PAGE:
Read this: Wreaths by Katie Smyth and Terri Chandler

The idea of foraging for plants to display at home is not a new one, but it is one being made more professional looking and more suitable for urban dwellers, by Stoke Newington florist duo Katie Smyth and Terri Chandler of Worm London. Their new book is a delightful colour-filled manual on how to make wreaths – also wall displays and hanging planks – often using little more than the natural wild plants and berries you can find on a sunday walk. Lately, the New York Times ran a piece about the rise of weeds in both floral and food industries and this book feeds into the thinking perfectly, as well as drawing on the huge wave of crafting.

The story behind Worm London is a lovely classic tale – both Katie and Terri were in jobs that had them setting their alarms with a slightly heavy heart at nights (stylist and actor respectively), before opting to give it all up for a more creative and self-driven existence. Their previous jobs had had them travelling the world and they had spotted the dominant role of the wreath in various different cultures – from the garlic spotted versions hanging above doors in Greece to the midsummer wildflower wreaths of Scandinavia and ornate thanksgiving door wreaths throughout the States. Their book draws on this rich culture, while celebrating the idea of  being able to walk outside your front door to find materials for your own unique wreath.

“We love foraging , it’s one of our favourite things to do,” Katie told us. “We just pick things which we like the look of and for us it simply just does not matter if something is classified as a weed. Once we had a taxi full of arrangements going to a event and the driver asked us why we were bringing all those weeds with us – we just laughed. It feels like such a shame if you love something but don’t want to use it because of how it’s classified. Sometimes the weeds are the most interesting and unexpected part. I think people are moving away from a more formal style of floristry and the approach is more holistic and natural. I guess we are all a bit more conscientious now too, trying to be less wasteful, more self sufficient and there is something so meditative about flower arranging, especially when you are doing it for yourself in your home.”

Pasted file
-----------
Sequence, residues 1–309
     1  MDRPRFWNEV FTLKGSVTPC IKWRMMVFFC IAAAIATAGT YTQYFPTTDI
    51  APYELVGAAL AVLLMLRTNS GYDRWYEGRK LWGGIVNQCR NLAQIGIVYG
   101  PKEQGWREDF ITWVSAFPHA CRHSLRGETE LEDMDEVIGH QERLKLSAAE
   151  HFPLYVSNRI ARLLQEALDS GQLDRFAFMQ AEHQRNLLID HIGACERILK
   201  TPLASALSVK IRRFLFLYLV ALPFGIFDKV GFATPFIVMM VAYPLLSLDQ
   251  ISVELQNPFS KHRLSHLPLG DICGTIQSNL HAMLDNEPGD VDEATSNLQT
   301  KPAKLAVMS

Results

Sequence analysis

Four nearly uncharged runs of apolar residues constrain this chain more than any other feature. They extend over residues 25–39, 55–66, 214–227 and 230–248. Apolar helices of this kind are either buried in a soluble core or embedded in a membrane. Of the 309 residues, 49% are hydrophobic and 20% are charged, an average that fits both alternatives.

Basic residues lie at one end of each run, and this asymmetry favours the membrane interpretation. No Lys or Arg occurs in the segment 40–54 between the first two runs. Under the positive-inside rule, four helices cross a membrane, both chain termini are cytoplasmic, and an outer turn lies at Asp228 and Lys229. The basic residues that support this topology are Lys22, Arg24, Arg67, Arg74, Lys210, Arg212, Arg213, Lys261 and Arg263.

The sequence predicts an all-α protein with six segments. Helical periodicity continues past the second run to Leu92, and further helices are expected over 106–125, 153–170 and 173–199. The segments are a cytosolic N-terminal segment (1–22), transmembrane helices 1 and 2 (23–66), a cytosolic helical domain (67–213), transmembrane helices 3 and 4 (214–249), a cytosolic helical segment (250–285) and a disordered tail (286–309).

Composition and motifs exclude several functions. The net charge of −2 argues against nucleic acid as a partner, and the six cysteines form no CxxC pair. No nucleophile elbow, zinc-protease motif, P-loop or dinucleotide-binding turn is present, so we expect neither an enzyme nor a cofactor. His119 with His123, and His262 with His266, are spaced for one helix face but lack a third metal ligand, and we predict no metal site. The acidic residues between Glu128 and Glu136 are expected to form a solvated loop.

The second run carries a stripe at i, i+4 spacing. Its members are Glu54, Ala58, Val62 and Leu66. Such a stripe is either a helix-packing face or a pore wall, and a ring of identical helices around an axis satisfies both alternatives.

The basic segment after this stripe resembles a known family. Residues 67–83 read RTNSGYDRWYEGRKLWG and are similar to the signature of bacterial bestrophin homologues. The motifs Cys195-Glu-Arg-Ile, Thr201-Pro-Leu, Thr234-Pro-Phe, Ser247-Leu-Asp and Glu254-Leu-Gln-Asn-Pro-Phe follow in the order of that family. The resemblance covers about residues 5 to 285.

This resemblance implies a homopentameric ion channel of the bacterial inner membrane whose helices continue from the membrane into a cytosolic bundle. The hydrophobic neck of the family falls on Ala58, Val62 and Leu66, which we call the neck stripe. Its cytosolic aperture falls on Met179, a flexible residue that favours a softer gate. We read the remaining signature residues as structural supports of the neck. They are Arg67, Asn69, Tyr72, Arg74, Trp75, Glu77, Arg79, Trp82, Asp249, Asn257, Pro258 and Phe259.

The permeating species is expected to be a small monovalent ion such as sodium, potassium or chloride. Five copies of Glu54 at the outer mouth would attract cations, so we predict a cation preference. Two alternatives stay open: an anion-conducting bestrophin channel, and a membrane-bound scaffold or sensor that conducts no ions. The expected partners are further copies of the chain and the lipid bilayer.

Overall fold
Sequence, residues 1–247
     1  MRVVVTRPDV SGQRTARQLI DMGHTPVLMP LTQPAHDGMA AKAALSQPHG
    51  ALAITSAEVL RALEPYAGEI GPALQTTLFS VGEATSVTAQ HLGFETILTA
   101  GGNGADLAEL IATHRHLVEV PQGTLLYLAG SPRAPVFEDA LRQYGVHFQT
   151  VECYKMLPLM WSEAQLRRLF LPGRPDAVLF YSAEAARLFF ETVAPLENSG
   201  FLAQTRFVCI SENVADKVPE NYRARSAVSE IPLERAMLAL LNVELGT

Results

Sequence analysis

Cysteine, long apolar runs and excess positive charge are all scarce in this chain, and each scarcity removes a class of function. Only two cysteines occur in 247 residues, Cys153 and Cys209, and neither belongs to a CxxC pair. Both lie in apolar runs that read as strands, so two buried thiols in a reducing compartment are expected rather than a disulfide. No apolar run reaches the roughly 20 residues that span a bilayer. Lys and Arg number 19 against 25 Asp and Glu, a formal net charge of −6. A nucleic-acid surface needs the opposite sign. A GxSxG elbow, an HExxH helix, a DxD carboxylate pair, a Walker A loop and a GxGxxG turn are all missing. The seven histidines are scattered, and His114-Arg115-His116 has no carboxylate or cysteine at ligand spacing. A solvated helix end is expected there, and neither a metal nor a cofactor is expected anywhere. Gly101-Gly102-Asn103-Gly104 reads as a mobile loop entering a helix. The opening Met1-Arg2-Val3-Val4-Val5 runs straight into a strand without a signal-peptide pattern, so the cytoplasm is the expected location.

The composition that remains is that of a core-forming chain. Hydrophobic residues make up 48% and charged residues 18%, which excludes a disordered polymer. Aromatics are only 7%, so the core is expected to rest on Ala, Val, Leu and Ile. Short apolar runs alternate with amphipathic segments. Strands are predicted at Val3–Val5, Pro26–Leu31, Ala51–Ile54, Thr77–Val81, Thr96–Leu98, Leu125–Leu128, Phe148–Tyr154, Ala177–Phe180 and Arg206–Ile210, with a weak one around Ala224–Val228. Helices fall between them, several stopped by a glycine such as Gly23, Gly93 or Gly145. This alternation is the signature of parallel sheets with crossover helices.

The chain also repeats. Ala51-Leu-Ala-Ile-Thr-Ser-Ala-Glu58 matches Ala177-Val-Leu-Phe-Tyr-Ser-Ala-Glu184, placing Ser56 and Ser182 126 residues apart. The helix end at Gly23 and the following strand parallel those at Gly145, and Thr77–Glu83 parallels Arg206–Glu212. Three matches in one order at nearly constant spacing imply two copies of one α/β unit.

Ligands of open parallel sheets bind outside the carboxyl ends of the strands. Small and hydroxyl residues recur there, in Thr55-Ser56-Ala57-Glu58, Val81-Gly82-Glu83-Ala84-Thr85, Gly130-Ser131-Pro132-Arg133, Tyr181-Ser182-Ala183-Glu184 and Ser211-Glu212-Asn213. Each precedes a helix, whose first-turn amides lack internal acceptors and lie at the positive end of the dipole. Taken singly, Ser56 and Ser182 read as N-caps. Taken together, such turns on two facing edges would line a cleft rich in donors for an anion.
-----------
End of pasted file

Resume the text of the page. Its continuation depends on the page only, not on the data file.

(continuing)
The duo has striven to make their guide as straightforward as possible, using methods and materials that are easily available and taking the reader through seasonal ideas based on what can be found. What they’re coaching to do with said materials, however, often transforms rooms. For instance the small bunches of herbs and greens hanging from a piece of string strung on a kitchen wall. The concept of a Meadow ball, which even just sounds nice, and a Matisse-inspired tropical wreath that looks wonderful before it’s even fashioned into something shapely to hang up (see intro image).

If you’ve never before thought about celebrating the beginning of Autumn by making a simple twig-and-leaf-based wreath to hang above your fire or in your hallway, then expect all that to change when you immerse yourself in this book.

WREATHS: Fresh, Foraged & Dried Florals Arrangements by Katie Smyth & Terri Chandler is published by Quadrille (£14.99). All photography: Kristin Perers.






Jill Macnair


Jill Macnair has worked as an interiors journalist for 13 years, contributing to titles including Elle Decoration, The Sunday Times and The Guardian. She set up cult interiors blog My Friend’s House in 2009 with Ros Anderson and continues to run the forum daily.

The Chromologist 2019 | Farrow & Ball

The Chromologist